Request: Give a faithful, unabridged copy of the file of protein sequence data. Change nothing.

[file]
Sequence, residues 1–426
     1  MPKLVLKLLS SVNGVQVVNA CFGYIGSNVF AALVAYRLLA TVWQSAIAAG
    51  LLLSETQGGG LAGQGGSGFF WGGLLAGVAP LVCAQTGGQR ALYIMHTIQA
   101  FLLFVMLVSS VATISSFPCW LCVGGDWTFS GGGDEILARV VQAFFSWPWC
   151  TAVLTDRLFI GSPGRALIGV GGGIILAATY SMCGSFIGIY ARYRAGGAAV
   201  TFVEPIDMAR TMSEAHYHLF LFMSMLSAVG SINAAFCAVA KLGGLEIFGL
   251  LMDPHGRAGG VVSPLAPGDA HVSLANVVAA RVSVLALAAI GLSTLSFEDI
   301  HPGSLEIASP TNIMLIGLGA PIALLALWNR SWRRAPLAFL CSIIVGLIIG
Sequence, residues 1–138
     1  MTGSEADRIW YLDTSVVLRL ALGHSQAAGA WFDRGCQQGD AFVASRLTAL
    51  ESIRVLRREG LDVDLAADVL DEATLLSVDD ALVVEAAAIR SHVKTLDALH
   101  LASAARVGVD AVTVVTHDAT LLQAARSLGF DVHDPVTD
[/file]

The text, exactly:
Sequence, residues 1–426
     1  MPKLVLKLLS SVNGVQVVNA CFGYIGSNVF AALVAYRLLA TVWQSAIAAG
    51  LLLSETQGGG LAGQGGSGFF WGGLLAGVAP LVCAQTGGQR ALYIMHTIQA
   101  FLLFVMLVSS VATISSFPCW LCVGGDWTFS GGGDEILARV VQAFFSWPWC
   151  TAVLTDRLFI GSPGRALIGV GGGIILAATY SMCGSFIGIY ARYRAGGAAV
   201  TFVEPIDMAR TMSEAHYHLF LFMSMLSAVG SINAAFCAVA KLGGLEIFGL
   251  LMDPHGRAGG VVSPLAPGDA HVSLANVVAA RVSVLALAAI GLSTLSFEDI
   301  HPGSLEIASP TNIMLIGLGA PIALLALWNR SWRRAPLAFL CSIIVGLIIG
Sequence, residues 1–138
     1  MTGSEADRIW YLDTSVVLRL ALGHSQAAGA WFDRGCQQGD AFVASRLTAL
    51  ESIRVLRREG LDVDLAADVL DEATLLSVDD ALVVEAAAIR SHVKTLDALH
   101  LASAARVGVD AVTVVTHDAT LLQAARSLGF DVHDPVTD